Not a good look.Image: JOSH EDELSON /GettyBy Jack Morse2018-03-29 23:20:45 UTC

When you’re a high-level Facebook executive and something you said in the past comes back to haunt you, your best hope for salvation is frantically taking to Twitter.
Or so it would seem for Andrew “Boz” Bosworth, the Facebook Vice President who is trying to distance himself from an internal 2016 company memo he wrote that was published Thursday by BuzzFeed News. 

The memo argues that the purpose of Facebook is to connect people, and that even if that connection means people literally die as a result, the company will not slow down in its attempts at growth. 
“That can be bad if they make it negative,” he noted. “Maybe it costs a life by exposing someone to bullies. Maybe someone dies in a terrorist attack coordinated on our tools. And still we connect people.”
What’s more, the memo seems to justify shady growth practices in the name of growth.
“That’s why all the work we do in growth is justified,” he wrote. “All the questionable contact importing practices. All the subtle language that helps people stay searchable by friends. All of the work we do to bring more communication in. The work we will likely have to do in China some day. All of it.”
Shortly after the BuzzFeed story went live, Bosworth tweeted that not only does he disagree with the contents of his own memo today, but that he disagreed with them even when he wrote it. 
“I don’t agree with the post today and I didn’t agree with it even when I wrote it,” reads his statement. “The purpose of this post, like many others I have written internally, was to bring to the surface issues I felt deserved more discussion with the broader company.”

Perhaps unsurprisingly, that attempt to cover his ass didn’t go over so well with reporters who wondered why he would ever write a company memo that he explicitly disagreed with.  

Also.. no where in this does @boztank even imply he fundamentally disagrees with what he’s saying, not sure why we’re supposed to take him at his word that he didn’t actually mean it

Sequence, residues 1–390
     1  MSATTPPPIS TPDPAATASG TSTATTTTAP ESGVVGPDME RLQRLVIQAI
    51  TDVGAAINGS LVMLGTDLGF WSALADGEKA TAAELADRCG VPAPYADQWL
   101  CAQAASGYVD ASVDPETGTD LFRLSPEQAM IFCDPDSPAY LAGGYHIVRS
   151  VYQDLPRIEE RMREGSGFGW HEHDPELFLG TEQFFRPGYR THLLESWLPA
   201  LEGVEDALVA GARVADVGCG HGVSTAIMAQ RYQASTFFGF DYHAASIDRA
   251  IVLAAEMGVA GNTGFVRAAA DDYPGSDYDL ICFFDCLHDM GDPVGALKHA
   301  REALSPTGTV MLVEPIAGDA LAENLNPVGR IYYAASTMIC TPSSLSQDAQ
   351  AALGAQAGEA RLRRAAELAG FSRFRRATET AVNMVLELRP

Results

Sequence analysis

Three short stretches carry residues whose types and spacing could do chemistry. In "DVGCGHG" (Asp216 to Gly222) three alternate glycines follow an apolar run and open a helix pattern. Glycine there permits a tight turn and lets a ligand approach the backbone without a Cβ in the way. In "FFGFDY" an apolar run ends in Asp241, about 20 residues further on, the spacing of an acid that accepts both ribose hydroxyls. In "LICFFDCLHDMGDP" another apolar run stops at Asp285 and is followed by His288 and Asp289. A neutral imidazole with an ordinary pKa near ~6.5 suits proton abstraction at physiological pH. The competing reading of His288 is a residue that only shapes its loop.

— Karissa Bell (@karissabe) March 29, 2018

In response, Bosworth tweeted that his post was “intended to be provocative.”

“why did you write a post you don’t agree with?” It was intended to be provocative. This was one of the most unpopular things I’ve ever written internally and the ensuing debate helped shape our tools for the better.
— Boz (@boztank) March 29, 2018

What other chin scratchers did he tweet? We’re glad you asked. He insisted that starting a post by taking an extreme viewpoint and then “working your way backwards is pretty reasonable.”
He failed to mention, of course, that nowhere in the memo published by BuzzFeed News does he work anything backward. 

where in that memo did you work yourself backwards?
— William Turton (@WilliamTurton) March 29, 2018

He tried various iterations on this theme before apparently deciding better of it. 

Not all of them, no, but I do think it is reasonable for an internal discussion to stake out a clear idea and use that as a reference point to get back to a good solution
— Boz (@boztank) March 29, 2018

In a sign of just how bad this looks for Facebook, CEO Mark Zuckerberg managed to crawl out of his Cambridge Analytica bunker to issue a statement to BuzzFeed News:
Boz is a talented leader who says many provocative things. This was one that most people at Facebook including myself disagreed with strongly. We’ve never believed the ends justify the means.
We recognize that connecting people isn’t enough by itself. We also need to work to bring people closer together. We changed our whole mission and company focus to reflect this last year.
Notably, unlike Bosworth, Zuckerberg didn’t take his thoughts to Twitter. And neither, for that matter, did he apparently attempt to hand wave away violence caused by his company in the name of connection and growth.




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